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dc.contributor.authorÁlvarez Cobelas, Miguel-
dc.contributor.authorBaltanás, Ángel-
dc.contributor.authorVelasco, José Luis-
dc.identifier.citationFreshwater Biology 47: 1051.1063 (2002)en_US
dc.description13 pages, and figures, and tables statisticsen_US
dc.description.abstract1. The major components of the underwater light field (ULF: vertical attenuation, absorption, scattering and suspensoids including plankton fractions) of Las Madres Lake, a small wind-sheltered, oligohumic lake in Central Spain, were investigated daily over a period of 3 months at the onset of vernal circulation. 2. Gilvin, arising mostly from the decomposition of reeds in the littoral in autumn, was the main component of vertical attenuation, and its variability explained the highest fraction of absorption variability. Tripton appeared to be the main factor responsible for scattering, and might have resulted from dust deposition from the surrounding mining land. The plankton community played a minor role in attenuation, absorption or scattering throughout the investigation period. 3. Vertical and horizontal mixing dynamics may control the ULF to a certain extent, as most optical properties changed within different mixing periods and poor advective exchanges may have resulted in uneven distribution of water colour in this small lake. 4. Time series analysis showed that most autocorrelations were shorter than a week, inherent properties (absorption, scattering) being delayed longer than apparent properties (attenuation, transparency) as a result of their lower dependence on solar irradiance. A 2-day lag was observed in cross-correlations between either gilvin and absorption or tripton and scattering. When different mixing periods at early circulation were considered, however, ULF components changed their relationships and delays with suspensoids and dissolved substances over such periods, probably tracking the dynamics of their controlling factors. 5. Our study, and others at daily, weekly, seasonal, interannual and long-term scales, demonstrates that ULF is a system upon which different processes are operating at different time scales. Contrary to expectations, however, the variability in the ULF does not increase with time scale and depends partly upon the trophic status of lakes.en_US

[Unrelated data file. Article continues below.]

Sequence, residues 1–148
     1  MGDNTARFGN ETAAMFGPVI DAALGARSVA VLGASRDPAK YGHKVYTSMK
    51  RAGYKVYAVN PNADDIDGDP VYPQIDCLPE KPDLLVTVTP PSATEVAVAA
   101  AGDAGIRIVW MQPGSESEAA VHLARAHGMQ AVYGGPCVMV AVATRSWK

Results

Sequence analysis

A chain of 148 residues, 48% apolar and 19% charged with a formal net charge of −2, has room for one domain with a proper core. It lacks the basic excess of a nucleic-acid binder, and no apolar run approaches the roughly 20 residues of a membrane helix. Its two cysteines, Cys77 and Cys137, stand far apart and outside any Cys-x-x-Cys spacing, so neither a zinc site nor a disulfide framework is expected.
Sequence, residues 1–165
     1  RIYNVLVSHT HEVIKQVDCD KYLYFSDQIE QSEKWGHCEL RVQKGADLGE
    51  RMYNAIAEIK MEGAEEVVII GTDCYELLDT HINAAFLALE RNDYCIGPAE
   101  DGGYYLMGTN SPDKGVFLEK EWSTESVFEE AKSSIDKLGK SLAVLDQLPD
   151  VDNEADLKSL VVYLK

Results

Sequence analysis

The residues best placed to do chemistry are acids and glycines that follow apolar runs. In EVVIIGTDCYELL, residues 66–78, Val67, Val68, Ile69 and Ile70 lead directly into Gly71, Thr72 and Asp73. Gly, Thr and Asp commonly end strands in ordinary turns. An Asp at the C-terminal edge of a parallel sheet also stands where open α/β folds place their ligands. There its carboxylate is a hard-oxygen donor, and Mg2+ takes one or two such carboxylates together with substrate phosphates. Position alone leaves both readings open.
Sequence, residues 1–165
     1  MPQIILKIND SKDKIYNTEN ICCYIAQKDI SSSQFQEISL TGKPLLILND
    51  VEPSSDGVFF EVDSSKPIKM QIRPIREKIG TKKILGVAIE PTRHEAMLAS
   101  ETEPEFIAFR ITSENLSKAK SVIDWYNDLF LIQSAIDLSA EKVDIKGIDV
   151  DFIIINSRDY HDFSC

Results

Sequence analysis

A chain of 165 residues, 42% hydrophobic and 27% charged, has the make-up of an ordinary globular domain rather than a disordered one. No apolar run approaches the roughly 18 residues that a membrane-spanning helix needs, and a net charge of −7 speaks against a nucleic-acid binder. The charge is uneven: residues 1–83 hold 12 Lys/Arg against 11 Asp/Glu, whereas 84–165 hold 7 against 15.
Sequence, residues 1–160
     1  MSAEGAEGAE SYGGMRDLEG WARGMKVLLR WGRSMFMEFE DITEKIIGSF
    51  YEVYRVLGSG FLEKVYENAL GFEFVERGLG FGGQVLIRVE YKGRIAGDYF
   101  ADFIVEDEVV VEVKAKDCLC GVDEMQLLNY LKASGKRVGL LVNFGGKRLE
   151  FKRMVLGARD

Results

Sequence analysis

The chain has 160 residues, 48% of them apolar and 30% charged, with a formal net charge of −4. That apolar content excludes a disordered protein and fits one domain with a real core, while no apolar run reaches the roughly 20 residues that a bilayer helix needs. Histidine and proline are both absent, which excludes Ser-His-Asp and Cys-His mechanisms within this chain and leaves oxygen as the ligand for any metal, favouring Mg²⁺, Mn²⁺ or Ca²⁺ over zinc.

dc.format.extent22195 bytes-
dc.publisherBlackwell Publishingen_US
dc.subjectLight climateen_US
dc.subjectPlant decompositionen_US
dc.subjectTime scalesen_US
dc.subjectTrophic statusen_US
dc.titleDaily variations in the optical properties of a small lakeen_US
dc.description.peerreviewedPeer revieweden_US
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